As If (Verging on the Pertinent, Coffee House Press, 1989)
Secrets of the Native Tongue (Ascent, vol. 14, no. 3, 1989)
Moon Songs (The Start of the End of it All, a Carol Emshwiller collection, The Women’s Press, 1990)
Acceptance Speech (The Start of the End of It All, The Women’s Press, 1990)
Looking Down (Omni, January 1990)
Peri (Strange Plasma #3 1990)
If The Word Was To The Wise (The Start of the End of It All, Mercury House, 1991)
There Is No Evil Angel But Love (The Start of the End of It All, Mercury House, 1991)
Draculalucard (The Start of the End of It All, Mercury House 1991)
Emissary (The Start of the End of It All, Mercury House 1991)
Mrs. Jones (Omni, August 1993)
Venus Rising (Edgewood Press, 1992, a chapbook)
Modillion (Strange Plasma, no. 8 1994; Green Mountain Review, 1994)
After Shock (Century, no.3, September-October 1995)
The Project (The Magazine of Fantasy & Science Fiction, August 2001)
Foster Mother (The Magazine of Fantasy & Science Fiction, February 2001)
Creature (The Magazine of Fantasy & Science Fiction, Oct./Nov. 2001)
Grandma (The Magazine of Fantasy & Science Fiction, March 2002)
Notes On Stories
About The Author
from the Locus Index:
A Witch’s Dozen by Janet Fox (Wildside Press/W. Paul Ganley 1-59224-048-8, Jul 2003, $30.00, 175pp, hc, cover by Stephen E. Fabian) Collection of 13 fantasy and horror stories, one original. This is a print-on-demand edition, co-published by Wildside Press and W. Paul Ganley. Paperback edition also available.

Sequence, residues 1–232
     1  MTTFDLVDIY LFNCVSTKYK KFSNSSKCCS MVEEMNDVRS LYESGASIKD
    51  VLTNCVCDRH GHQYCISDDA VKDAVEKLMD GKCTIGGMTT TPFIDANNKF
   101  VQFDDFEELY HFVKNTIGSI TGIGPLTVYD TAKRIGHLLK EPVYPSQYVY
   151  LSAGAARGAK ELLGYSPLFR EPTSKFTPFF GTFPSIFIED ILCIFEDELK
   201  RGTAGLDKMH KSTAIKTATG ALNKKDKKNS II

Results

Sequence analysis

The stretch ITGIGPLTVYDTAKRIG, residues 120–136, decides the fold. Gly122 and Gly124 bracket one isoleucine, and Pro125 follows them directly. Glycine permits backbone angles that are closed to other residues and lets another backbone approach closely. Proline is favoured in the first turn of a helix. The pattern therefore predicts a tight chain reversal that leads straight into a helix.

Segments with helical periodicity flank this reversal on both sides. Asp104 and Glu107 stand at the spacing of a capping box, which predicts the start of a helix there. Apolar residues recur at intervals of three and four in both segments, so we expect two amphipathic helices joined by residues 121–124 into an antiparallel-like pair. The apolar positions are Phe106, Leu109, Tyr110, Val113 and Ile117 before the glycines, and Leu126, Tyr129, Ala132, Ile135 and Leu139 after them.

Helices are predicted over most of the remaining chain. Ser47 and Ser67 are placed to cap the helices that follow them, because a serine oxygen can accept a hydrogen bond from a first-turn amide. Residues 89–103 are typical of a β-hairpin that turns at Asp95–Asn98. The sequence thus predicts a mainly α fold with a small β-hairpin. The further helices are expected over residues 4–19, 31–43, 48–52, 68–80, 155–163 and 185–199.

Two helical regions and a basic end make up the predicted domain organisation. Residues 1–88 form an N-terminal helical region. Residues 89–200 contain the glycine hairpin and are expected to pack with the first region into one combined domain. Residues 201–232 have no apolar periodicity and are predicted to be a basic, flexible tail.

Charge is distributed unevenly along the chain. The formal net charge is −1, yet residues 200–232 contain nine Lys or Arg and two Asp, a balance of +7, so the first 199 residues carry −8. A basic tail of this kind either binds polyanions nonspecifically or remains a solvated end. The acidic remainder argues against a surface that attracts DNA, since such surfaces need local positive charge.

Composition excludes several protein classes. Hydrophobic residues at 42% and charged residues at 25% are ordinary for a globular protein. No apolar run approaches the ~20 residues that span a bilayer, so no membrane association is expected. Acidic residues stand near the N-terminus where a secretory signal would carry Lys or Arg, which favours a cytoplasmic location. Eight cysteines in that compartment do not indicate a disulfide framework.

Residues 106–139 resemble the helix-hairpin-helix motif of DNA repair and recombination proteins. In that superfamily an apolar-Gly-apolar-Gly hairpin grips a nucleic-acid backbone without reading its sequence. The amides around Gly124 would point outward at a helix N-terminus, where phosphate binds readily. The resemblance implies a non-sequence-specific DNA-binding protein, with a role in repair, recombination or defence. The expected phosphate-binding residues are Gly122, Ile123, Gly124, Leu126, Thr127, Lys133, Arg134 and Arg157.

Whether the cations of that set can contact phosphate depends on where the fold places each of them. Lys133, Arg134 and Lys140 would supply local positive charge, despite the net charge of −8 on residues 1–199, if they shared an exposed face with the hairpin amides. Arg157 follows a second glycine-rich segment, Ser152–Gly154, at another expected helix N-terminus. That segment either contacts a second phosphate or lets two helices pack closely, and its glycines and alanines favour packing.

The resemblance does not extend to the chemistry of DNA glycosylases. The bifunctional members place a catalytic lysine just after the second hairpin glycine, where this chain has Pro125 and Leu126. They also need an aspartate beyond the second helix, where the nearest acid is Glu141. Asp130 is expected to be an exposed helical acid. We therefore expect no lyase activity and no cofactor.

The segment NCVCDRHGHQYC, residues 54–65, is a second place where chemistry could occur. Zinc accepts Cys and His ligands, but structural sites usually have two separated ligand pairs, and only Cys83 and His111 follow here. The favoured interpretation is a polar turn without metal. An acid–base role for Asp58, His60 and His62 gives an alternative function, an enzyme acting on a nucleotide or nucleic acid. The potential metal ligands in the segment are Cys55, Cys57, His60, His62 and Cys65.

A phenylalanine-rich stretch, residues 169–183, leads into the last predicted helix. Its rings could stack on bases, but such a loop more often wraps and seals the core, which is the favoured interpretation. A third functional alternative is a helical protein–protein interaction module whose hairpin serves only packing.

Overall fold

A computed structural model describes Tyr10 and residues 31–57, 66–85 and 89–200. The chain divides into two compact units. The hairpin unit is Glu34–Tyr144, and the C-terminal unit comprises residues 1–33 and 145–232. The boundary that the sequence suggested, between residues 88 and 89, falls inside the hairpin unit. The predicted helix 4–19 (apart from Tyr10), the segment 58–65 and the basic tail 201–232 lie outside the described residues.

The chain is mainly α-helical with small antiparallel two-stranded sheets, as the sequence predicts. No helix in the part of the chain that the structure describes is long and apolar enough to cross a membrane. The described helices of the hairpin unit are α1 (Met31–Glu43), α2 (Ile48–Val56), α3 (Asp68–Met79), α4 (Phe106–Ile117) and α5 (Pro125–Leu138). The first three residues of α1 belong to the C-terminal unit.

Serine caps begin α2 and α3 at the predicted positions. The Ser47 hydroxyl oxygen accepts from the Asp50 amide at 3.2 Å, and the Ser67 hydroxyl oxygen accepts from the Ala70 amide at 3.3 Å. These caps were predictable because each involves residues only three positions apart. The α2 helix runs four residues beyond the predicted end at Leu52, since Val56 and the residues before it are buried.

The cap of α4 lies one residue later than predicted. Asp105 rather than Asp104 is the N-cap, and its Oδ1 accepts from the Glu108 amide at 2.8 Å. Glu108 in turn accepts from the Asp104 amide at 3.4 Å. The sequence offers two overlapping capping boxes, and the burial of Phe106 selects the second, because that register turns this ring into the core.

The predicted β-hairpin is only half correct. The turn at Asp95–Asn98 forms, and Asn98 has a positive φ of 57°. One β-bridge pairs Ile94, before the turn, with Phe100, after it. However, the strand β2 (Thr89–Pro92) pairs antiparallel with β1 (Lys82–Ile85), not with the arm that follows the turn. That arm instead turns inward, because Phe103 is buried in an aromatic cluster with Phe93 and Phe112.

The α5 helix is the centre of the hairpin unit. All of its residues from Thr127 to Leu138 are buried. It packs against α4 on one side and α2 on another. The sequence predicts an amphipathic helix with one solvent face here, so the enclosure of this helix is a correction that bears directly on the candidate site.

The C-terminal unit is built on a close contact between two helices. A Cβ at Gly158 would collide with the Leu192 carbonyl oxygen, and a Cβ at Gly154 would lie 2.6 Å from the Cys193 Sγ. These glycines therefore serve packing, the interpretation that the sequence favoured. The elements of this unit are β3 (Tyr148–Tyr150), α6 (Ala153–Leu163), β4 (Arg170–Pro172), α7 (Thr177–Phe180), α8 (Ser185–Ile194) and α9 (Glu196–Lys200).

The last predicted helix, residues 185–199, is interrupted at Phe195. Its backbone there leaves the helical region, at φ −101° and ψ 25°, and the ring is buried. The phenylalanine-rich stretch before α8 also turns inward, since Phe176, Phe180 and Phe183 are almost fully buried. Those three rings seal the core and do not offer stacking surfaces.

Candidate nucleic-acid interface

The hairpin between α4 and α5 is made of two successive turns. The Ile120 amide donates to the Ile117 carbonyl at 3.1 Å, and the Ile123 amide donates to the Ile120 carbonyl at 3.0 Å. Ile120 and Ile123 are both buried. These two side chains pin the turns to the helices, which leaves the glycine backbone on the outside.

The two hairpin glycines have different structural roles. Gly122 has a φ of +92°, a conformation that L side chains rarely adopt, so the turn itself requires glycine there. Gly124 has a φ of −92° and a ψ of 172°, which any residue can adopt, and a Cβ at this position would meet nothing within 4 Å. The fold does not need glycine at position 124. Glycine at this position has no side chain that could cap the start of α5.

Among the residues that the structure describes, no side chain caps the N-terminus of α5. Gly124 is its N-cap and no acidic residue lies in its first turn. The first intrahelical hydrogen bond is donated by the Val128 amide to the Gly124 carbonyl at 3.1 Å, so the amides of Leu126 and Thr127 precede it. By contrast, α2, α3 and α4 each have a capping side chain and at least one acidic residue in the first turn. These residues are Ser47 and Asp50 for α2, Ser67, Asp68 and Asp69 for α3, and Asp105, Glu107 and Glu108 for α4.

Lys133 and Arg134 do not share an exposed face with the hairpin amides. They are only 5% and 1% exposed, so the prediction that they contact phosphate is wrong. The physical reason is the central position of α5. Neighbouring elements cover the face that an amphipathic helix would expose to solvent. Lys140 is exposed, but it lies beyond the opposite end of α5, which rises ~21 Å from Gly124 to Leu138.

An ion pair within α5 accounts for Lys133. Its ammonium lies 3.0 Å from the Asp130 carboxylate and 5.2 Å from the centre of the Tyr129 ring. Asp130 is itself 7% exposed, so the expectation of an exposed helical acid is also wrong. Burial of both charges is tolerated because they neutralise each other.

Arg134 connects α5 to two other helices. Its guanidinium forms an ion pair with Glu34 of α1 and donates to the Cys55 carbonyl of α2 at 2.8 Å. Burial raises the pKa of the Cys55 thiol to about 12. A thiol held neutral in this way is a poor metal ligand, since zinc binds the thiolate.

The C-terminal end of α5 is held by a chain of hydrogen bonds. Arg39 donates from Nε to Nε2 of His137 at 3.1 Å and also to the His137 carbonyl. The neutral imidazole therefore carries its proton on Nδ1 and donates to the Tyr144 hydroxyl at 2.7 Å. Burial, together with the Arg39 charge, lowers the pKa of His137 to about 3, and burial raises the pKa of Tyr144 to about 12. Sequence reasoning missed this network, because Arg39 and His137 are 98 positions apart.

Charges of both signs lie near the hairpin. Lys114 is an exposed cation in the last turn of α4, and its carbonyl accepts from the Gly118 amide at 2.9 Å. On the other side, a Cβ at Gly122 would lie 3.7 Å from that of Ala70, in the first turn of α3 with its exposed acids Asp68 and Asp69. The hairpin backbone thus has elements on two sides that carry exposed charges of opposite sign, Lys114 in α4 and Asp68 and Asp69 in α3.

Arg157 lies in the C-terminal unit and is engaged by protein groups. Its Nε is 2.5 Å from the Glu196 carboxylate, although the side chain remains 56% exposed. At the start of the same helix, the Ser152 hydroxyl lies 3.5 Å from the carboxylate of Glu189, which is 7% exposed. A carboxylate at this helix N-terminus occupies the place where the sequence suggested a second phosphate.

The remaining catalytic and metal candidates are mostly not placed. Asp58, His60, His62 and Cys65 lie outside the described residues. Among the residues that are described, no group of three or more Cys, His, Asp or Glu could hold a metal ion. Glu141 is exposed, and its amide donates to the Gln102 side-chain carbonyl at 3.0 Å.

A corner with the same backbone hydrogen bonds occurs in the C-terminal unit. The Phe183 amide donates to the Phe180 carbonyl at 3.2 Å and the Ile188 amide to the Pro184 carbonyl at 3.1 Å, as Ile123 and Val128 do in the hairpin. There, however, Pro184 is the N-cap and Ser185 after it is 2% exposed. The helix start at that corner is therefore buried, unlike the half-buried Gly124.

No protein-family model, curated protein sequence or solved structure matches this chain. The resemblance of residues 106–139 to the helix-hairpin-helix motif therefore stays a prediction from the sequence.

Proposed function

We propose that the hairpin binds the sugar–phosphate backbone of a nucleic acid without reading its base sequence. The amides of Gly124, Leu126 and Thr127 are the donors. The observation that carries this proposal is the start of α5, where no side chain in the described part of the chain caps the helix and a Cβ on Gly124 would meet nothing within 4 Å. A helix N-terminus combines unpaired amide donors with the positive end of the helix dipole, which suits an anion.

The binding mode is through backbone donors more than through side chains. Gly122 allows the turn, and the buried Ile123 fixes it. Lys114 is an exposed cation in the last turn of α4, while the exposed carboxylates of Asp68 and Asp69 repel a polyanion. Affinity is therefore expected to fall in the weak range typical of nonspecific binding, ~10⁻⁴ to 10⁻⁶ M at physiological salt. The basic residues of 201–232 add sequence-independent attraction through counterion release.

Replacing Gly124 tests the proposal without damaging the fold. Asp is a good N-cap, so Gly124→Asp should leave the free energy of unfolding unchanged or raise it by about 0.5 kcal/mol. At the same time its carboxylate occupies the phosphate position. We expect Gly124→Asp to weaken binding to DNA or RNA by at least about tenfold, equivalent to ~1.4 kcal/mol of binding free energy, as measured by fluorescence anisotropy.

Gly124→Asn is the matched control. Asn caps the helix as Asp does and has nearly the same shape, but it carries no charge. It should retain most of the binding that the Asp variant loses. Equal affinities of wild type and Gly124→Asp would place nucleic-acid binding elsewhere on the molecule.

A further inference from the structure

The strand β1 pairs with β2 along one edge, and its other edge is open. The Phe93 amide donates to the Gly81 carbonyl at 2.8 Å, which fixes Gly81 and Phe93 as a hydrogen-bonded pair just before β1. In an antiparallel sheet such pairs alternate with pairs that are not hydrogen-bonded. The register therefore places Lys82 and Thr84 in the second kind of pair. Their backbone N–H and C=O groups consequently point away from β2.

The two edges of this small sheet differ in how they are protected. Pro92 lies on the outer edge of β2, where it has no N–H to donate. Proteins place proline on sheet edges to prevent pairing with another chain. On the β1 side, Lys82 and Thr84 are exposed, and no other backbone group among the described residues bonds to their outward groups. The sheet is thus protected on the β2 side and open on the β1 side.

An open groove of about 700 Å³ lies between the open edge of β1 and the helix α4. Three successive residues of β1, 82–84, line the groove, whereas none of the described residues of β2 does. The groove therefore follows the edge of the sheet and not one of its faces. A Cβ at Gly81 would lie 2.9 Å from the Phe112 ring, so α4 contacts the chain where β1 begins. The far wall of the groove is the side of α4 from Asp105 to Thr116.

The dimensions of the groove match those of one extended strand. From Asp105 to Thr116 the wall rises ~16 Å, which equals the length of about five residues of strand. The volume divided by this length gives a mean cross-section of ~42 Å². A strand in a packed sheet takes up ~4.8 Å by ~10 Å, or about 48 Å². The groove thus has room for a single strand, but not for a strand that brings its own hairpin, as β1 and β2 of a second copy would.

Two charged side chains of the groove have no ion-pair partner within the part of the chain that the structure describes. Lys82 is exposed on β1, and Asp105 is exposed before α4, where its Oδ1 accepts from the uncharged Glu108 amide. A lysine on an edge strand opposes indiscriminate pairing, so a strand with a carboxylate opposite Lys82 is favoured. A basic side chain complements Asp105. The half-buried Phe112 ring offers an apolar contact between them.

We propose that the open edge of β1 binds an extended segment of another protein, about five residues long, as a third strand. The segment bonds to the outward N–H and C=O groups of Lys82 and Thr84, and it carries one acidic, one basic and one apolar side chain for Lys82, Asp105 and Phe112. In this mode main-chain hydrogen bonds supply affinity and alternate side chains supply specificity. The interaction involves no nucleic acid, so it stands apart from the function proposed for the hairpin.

7 · Witches · ss Tales by Moonlight, ed. Jessica Amanda Salmonson, Robert T. Garcia, 1983
19 · Small Magic · ss Amazing Jan ’82
41 · In the Kingdom of the Thorn [Scorpia] · ss Whispers Oct ’83
52 · A Witch in Time [Arcana] · ss Fantastic Sep ’73
68 · Demon and Demoiselle [Arcana] · nv Fantastic Oct ’78
88 · Morrien’s Bitch [Morrien & Riska] · ss Amazons!, ed. Jessica Amanda Salmonson, DAW, 1979
106 · Screaming to Get Out · ss Weirdbook #12 ’77
113 · Valentine · ss Shadows #2, ed. Charles L. Grant, Doubleday, 1979
123 · Taking Care of Bertie · ss Eldritch Tales #11 ’85
130 · The Skins You Love to Touch · ss Shadows #9, ed. Charles L. Grant, Doubleday, 1986
136 · Garage Sale · ss Twilight Zone Aug ’82
142 · Surrogate · ss Fears, ed. Charles L. Grant, Berkley, 1983
149 · Alliances [Morrien & Riska] · nv *
from the Contento index: